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First off today, The BBC is reporting that 12 member nations met in Auckland, New Zealand to sign the controversial Trans-Pacific Partnership agreement.
The agreement, which has been in negotiation for the past five years, is an treaty between a dozen nations located along the Pacific Ocean including the United States, Australia, New Zealand, Japan, Canada and Mexico. The wide-ranging agreement touches on a variety of topics including trade, environmental, labor and copyright issues.
On the copyright front, the agreement has drawn controversy for its attempts to harmonize copyright law between the nations. Though it won’t bring any changes to the United States, it will cause other nations to adopt several tenets of U.S. law, including copyright terms. Many also fear that it will make future revision or changes to U.S. law more difficult. The countries now have two years to ratify the agreement.
Next up today, Tim Kenneally at The Wrap reports that Led Zeppelin has suffered a setback in its lawsuit over Stairway to Heaven, with a judge denying their bid to get more information about the trust that has filed the lawsuit against them.
The band was sued by the Randy Craig Wolfe Trust. Wolfe, under the name Randy California, was one of the founding members of the band Spirit, which claims Stairway to Heaven is a rip off of their song Taurus. They filed a lawsuit seeking damages and a share of revenue.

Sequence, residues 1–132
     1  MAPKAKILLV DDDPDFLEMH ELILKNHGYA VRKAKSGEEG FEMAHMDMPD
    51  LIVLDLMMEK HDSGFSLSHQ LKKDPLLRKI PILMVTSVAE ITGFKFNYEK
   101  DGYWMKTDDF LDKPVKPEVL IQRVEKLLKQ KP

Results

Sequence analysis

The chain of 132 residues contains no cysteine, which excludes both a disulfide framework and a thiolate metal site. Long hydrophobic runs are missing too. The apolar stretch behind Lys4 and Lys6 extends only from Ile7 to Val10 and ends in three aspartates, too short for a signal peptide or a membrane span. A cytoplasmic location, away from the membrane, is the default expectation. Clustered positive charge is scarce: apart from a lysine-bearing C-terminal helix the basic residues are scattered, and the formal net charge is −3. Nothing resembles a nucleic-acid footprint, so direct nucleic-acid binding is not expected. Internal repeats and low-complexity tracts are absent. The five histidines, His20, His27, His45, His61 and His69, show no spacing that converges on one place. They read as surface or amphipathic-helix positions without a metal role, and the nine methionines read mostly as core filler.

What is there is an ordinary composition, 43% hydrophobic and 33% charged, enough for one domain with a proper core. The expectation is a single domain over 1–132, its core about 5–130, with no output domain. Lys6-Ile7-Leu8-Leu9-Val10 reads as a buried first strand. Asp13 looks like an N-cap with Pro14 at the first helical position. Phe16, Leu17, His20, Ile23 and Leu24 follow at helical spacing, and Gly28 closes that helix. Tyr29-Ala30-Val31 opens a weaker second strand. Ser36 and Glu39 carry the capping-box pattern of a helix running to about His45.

Led Zeppelin had tried to argue that the trust was invalid because it was not a qualified charitable foundation or other qualified entity. They had sought documents such as tax records indicating their status. However, the judge has ruled that such evidence is irrelevant and that there is no reason to doubt the trust at this time.
3: Hasbro Sued for “My Little Pony” Font Copyright Issues; Font Brothers Seeks $150,000 in Damages Per Violation
Finally today, the Lawyer Herald reports that Hasbro is being sued by The Font Brothers, a font-making company, alleging that Hasbro has used their Generation B font to promote “My Little Pony” products without a proper license.
According to The Font Brothers, Hasbro has been using font on nearly all “My Little Pony” toys and cartoons. They believe that the company has made unauthorized copies of its fonts to third party vendors so they can produce the products. The Font Brothers claimed that they contact Hasbro about the issue but no action has been taken.
The company is seeking $150,000 per infringement, the maximum allowed under the law. As of this writing, the font is still being used on the My Little Pony website.
That’s it for the three count today. We will be back tomorrow with three more copyright links. If you have a link that you want to suggest a link for the column or have any proposals to make it better. Feel free to leave a comment or send me an email. I hope to hear from you.